This post is an excerpt from the Maximo 76 Scripting Features guide.
Library scripts are good for encapsulating some re-usable logic. In Maximo 7.6, we can write library scripts as just simple scripts. We can write these scripts in any language and then call from another language. Lets make a library script for making HTTP GET calls. We can make that using a py script like below.
from psdi.iface.router import HTTPHandler from java.util import HashMap from java.util import String handler = HTTPHandler() map = HashMap() map.put("URL", url) map.put("HTTPMETHOD", "GET") responseBytes = handler.invoke(map,None) response = String(responseBytes, "utf-8")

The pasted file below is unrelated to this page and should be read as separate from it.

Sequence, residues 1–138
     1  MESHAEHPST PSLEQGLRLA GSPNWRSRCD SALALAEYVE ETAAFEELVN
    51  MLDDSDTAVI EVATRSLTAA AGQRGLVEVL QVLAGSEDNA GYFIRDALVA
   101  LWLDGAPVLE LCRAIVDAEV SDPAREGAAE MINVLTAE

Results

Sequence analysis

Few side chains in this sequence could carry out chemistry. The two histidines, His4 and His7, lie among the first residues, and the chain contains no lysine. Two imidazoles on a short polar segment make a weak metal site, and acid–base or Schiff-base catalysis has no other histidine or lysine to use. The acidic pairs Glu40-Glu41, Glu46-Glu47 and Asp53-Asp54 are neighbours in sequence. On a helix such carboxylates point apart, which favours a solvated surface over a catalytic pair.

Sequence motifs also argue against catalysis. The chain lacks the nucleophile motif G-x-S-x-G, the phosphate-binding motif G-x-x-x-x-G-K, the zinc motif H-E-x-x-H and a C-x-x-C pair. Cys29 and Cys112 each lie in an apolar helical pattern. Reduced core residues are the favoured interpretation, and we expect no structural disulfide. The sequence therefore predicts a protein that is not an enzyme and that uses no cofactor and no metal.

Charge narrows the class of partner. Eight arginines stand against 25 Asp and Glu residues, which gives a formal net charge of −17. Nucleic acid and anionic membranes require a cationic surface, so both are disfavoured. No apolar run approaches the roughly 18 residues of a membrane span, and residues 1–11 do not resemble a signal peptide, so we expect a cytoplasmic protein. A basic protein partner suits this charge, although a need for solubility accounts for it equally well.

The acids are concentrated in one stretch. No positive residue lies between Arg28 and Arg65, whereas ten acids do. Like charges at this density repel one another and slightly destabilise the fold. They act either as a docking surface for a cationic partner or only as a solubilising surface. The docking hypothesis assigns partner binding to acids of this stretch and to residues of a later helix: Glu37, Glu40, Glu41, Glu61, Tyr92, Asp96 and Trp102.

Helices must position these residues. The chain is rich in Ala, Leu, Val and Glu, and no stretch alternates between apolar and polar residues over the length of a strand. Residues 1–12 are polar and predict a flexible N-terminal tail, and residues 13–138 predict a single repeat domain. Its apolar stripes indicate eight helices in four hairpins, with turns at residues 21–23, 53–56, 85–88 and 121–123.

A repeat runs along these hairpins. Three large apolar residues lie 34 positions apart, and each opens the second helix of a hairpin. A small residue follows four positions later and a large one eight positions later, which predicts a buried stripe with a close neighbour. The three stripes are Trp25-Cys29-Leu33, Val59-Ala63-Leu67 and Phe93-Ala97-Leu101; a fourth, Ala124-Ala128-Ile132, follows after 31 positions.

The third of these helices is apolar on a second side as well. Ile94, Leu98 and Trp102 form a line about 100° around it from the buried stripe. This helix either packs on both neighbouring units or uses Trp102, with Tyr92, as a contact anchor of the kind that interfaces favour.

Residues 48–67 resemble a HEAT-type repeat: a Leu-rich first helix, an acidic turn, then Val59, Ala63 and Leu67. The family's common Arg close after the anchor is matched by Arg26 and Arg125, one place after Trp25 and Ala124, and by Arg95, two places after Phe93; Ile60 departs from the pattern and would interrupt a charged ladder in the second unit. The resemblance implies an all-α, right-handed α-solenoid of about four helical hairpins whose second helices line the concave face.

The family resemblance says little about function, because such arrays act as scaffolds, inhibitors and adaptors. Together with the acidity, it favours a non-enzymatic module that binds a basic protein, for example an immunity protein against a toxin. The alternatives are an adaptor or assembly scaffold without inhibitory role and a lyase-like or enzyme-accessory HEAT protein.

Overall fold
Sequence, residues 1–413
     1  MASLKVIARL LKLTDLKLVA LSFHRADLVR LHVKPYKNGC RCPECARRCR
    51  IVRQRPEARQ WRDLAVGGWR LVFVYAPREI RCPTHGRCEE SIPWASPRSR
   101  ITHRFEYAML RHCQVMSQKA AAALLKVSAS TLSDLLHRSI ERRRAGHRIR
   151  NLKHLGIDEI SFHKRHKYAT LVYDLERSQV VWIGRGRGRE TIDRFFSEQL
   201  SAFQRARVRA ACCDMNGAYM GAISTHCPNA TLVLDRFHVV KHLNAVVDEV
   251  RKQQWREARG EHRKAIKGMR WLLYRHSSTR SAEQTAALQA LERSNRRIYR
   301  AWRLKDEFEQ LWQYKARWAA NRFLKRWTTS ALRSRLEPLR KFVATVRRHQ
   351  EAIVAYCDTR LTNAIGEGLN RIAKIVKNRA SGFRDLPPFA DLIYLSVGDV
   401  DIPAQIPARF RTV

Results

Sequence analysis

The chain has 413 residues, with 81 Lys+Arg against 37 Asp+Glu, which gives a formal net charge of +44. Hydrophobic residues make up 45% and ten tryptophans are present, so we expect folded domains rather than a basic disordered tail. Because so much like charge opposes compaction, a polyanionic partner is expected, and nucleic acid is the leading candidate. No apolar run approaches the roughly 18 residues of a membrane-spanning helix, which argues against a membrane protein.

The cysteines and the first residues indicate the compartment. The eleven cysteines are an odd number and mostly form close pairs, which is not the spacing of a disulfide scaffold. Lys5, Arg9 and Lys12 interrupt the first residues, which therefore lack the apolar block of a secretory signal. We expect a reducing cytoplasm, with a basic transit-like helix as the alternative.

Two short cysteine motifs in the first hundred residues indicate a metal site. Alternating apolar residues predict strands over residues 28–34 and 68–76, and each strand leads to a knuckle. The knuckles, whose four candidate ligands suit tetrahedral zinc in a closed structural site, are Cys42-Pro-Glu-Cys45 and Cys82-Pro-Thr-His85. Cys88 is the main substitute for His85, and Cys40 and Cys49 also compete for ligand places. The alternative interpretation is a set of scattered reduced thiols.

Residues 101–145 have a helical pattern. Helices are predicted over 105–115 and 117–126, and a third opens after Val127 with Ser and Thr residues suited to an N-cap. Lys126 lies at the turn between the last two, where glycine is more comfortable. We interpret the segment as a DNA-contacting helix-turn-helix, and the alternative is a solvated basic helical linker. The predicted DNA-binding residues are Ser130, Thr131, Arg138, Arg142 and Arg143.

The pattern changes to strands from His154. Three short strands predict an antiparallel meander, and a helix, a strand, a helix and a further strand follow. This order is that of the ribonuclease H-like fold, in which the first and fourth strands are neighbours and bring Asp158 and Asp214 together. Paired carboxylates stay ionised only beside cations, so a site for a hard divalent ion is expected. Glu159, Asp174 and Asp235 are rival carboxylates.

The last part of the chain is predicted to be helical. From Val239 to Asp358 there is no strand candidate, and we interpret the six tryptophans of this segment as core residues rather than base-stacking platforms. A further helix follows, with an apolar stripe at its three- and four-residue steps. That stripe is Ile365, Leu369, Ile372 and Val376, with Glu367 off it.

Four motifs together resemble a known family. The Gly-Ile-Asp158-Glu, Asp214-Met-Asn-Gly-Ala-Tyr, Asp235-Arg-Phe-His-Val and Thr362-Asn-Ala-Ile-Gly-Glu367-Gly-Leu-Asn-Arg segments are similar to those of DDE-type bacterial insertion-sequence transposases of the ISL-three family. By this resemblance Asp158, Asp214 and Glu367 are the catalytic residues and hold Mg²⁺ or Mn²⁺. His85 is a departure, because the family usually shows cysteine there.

Here the script is expecting a variable called “url” to be passed into the script from the invoking script. The response is set to the “response” variable, which can be used by the calling script to get the response data as a string.
A sample script (js) code that can leverage this library script is shown below
importPackage(java.util) importPackage(Packages.psdi.server) var ctx = new HashMap(); ctx.put("url", "http://localhost:7001/maximo/oslc/script/countryapi?_lid=wilson&_lpwd=wilson"); service.invokeScript("LIB_HTTPCLIENT", ctx); var jsonResp = ctx.get("response"); var countries = JSON.parse(jsonResp);
Note how it creates the ctx and then passes the “url” to it and then uses service.invokeScript api to invoke the library http script (named LIB_HTTPCLIENT). The script also gets the response from the “response” variable and then uses the JSON.parse(..) api to parse that data to a json object for further processing.